Stop comparing Phil Hellmuth to the great players of today

Phil Hellmuth poker
Jon Sofen
Posted on: March 14, 2021 07:58 PDT

Editor's note: This is an opinion piece by author Jon Sofen. The views expressed here are entirely the author's and do not necessarily reflect those of or its staff.

Phil Hellmuth is a poker legend, and the disrespect his game is receiving is uncalled for and, quite frankly, needs to stop.

Few have done more to grow the game of poker than the 15-time WSOP bracelet winner. He promotes the game to a casual audience and brings personality to poker, something we rarely see from the high-roller crowd of today.

Purely from a standpoint of talent and fundamentals, of course Hellmuth is inferior to the new-school high-stakes pros, and it's not even close. But that doesn't even matter and it's pointless to compare him to the top players of today in that manner.

Like in sports, greatness comes in two forms — raw talent and amazing accomplishments. Take Derek Jeter, for example. The soon-to-be New York Yankees Hall of Fame shortstop was never the most talented shortstop in baseball. In fact, for many years when Alex Rodriguez was on the Yankees playing third base, he wasn't even the most talented shortstop on his own team.

That's not to say Jeter wasn't a talented ballplayer, but he never won an MVP, or a batting title or home run crown, and he was merely average defensively. But he's considered arguably the best shortstop all-time and a living baseball legend because he put up some incredible longevity stats (3,465 hits, 358 stolen bases, etc.) and helped lead the Yankees to five World Series titles.

Hellmuth is the Derek Jeter of poker. Is he the most talented player in the world? Not even close. He doesn't play a fundamentally sound game and denies the effectiveness of GTO, which is utterly ridiculous.

But he's won 15 WSOP bracelets, far and away a record. Doyle Brunson, Phil Ivey, and Johnny Chan are tied for second with just 10. His 164 cashes in bracelet events is also a record. And he was a poker world champion in 1989.

Winning World Series of Poker tournaments isn't the only way to prove greatness in poker. But there isn't a more important or prestigious series in the game. So, yes, Hellmuth's wins at the WSOP do in fact make him an all-time poker great, much like how Jeter playing a key role in five baseball titles is the reason he's considered one of the best ever.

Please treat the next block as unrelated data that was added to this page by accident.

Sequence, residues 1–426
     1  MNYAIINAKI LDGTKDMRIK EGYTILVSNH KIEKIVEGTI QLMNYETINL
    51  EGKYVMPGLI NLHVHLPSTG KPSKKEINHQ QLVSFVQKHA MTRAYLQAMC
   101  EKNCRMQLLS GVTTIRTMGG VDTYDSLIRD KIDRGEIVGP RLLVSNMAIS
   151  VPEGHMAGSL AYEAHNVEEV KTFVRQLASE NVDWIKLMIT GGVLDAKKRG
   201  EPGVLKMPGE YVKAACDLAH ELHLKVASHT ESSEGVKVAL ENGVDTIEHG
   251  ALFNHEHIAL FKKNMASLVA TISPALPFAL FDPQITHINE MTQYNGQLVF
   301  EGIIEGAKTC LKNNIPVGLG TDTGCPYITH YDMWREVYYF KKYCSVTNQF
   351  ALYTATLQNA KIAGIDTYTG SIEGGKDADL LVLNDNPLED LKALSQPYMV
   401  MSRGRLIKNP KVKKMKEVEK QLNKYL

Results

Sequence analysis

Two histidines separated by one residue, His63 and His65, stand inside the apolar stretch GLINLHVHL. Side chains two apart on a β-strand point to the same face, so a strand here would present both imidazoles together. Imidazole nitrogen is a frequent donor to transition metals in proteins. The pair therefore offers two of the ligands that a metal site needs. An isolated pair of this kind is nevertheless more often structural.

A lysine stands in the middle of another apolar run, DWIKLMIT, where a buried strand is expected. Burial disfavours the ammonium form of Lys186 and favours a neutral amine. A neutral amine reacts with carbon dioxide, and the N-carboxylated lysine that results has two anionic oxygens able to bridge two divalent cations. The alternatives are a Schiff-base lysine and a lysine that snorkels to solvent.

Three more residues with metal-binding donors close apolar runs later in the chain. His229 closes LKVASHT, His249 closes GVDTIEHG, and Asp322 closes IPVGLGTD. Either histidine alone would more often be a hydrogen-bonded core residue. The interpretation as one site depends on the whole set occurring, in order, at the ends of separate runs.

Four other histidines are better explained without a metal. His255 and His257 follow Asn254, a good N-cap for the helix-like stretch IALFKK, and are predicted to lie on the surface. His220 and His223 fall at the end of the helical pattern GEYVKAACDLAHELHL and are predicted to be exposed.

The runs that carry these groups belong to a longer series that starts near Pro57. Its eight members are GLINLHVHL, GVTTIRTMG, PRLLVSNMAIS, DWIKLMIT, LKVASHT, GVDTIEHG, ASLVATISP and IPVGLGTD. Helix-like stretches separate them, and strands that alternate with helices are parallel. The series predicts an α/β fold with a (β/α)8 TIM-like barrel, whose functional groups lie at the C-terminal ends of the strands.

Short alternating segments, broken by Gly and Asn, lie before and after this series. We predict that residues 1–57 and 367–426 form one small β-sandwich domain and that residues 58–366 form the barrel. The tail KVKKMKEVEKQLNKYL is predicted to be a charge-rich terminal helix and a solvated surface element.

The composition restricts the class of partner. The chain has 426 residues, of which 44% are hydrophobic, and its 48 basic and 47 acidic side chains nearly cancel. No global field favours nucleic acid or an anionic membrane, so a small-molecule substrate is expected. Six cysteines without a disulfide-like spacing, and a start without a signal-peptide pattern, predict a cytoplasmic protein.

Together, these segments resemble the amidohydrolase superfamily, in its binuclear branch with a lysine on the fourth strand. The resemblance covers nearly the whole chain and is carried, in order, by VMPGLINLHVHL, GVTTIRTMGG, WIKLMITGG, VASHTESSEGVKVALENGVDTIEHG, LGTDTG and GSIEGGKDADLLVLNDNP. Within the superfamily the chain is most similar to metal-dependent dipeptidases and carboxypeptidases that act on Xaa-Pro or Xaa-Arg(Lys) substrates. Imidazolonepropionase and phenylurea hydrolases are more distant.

Negreanu makes a valid point

Daniel Negreanu, who is partially responsible for the current Hellmuth bashing on social media, made a similar comment about the "Poker Brat" on Twitter.

"Jack Nicklaus was a legend and likely had the greatest record of achievement in golf history. Jack Nicklaus isn’t the best golfer today. I don’t think he could beat Bryson DeChambeau, but you have to respect what he did in his era," Negreanu tweeted.

Negreanu's right, and he was hinting at the disrespect for Hellmuth's greatness shown by many younger poker pros.

The fact of the matter is, Hellmuth will long be remembered as one of the all-time greats. In 20 years, he'll be looked at as one of the best ever, much like Jeter will be given the same recognition from the baseball community.

Stephen Chidwick, Justin Bonomo, Isaac Haxton, Ali Imsirovic — those are all extremely talented poker players, far more talented from a fundamental standpoint than Hellmuth. We'll likely see them in the Poker Hall of Fame one day when they reach age 40.

But the casual poker fan will always show more respect to the game of Phil Hellmuth. And that is because he is the G.O.A.T. of the World Series of Poker and also an entertaining figure at the table.

Hellmuth deserves the respect of the poker community, not for us all to bring him down because he doesn't understand GTO concepts and would lose to Doug Polk heads-up. There are multiple ways to be great, and it's silly to talk down on one of the most important players in poker history.

Featured image source: Flickr